By Greg Murphy
The Hebrew word "Shatan" means "accuser" or "adversary." It appears in the Old Testament as an ordinary word referring to the actions of one human being against another. But when it appears as "The Shatan," it refers to the being we call Satan. Satan is not the opponent of God. He is the opponent and accuser of man. He brings out the worst in us.
Contrary to the popular idea, the devil does not make us do it, but he is always there planting the seeds of rebellion, fertilising them with false hope, harvesting hurt. The Shatan wants us to become the worst version of ourselves.
Prison chaplains work with his success stories. By the time people end up in jail, they have broken the law, many in a violent way. Most are affected by either substance abuse or mental health issues or both. Few are well educated.
The result is that sometimes the air is thick with despair, the cage is full of rage, the room replete with gloom.
Yet in that often-oppressive environment, miracles do happen. People hit rock bottom. Grace turns up. Light shines brightest in the darkest places. I have seen unmistakable joy in the eyes of inmates as they sing praises to their newfound God at church services in prison.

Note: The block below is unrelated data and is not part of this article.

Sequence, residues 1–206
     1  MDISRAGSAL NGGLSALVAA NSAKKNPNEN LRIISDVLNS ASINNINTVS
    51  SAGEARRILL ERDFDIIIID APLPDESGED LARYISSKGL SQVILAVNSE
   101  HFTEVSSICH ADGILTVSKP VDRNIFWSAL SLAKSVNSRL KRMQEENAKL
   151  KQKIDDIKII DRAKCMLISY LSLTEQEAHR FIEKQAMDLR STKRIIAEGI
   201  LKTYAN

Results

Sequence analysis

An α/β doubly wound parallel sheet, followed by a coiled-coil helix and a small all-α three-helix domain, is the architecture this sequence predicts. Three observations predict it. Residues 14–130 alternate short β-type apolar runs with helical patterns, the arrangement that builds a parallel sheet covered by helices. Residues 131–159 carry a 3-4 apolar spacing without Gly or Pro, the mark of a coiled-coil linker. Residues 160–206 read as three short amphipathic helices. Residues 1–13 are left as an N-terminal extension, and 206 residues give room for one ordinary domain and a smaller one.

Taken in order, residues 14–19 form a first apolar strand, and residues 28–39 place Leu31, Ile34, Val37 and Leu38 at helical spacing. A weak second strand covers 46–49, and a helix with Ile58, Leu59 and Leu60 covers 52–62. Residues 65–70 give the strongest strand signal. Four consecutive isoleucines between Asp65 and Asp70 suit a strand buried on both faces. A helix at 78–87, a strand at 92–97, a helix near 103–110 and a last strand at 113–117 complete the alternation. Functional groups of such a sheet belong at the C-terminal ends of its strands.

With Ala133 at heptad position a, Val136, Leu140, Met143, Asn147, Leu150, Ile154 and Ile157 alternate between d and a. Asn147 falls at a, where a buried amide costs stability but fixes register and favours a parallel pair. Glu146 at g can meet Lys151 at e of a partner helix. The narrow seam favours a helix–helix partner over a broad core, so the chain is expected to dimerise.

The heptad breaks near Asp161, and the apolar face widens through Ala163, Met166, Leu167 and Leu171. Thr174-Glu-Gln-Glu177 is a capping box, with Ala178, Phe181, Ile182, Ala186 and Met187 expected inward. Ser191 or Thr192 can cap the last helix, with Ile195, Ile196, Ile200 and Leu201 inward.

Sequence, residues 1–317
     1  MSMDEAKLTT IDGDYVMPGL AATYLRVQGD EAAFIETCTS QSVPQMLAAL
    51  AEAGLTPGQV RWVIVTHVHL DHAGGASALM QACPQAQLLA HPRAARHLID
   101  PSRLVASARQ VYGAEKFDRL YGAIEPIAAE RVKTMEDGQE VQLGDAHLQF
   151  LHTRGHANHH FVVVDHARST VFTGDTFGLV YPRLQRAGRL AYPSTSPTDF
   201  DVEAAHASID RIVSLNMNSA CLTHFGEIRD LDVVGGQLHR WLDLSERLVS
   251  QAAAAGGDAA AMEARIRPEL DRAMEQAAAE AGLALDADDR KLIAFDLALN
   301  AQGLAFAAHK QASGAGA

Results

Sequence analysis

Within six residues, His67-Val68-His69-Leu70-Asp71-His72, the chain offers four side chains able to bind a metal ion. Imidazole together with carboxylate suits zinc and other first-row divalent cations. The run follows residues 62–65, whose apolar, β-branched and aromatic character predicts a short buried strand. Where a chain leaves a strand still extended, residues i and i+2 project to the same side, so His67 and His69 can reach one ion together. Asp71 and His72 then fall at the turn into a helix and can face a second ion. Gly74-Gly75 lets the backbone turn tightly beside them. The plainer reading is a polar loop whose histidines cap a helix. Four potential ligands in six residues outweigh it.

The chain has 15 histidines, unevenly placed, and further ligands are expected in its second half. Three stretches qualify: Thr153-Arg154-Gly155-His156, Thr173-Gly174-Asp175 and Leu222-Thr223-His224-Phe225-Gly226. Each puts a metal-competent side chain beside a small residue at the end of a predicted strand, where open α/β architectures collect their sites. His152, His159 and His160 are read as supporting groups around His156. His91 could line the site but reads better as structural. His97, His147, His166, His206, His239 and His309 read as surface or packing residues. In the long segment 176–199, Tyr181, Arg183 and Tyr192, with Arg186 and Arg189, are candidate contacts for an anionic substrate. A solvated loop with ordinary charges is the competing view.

This poem was written to convey the appreciation I feel for the work of prison chaplains:
Concrete walls, steel doors, razor wire fences,
TV blaring on the wall, battering the senses,
Mindless pacing back and forth as time goes cruelly past,
Tomorrow is as yesterday; each day is as the last.
A phone call costs a small fortune, is overheard by all,
A letter takes a month to make its way in through the wall,
Adjourned again! No reason why, no explanation given,
More time to contemplate the world that seems by madness driven.
Your bad behaviour put you here, a mess of your own making,
You broke the rules, you went astray, a stupid undertaking,
You did the crime, you do the time, you got what you deserve,
You crim, you scum, you crook, you con, you thief, you perp, you perv!
And so, the shame devours the soul, and poison fills the heart,
Who once was tall and strong and firm is stooped and torn apart,
Who once could look you in the eye is banished from life's stage,
To wallow in despair, and grief, and loneliness, and rage.
Until a different voice is heard, a tone of warmth and zest,
A voice that summons hope, that revives faith and beckons rest,
A voice that cuts through concrete, shatters steel and blunts all blade,
As promises of pardon, friendship, love and trust are made.
The journey can begin again, the destination sounder,
The footing surer than before, no cause to fail or flounder,
The prison chaplain's work goes on, another story brighter,
Another life restored, another heart made so much lighter. - Greg Murphy
This article first appeared in The Inside Story, a publication of Carinity. It is used with kind permission.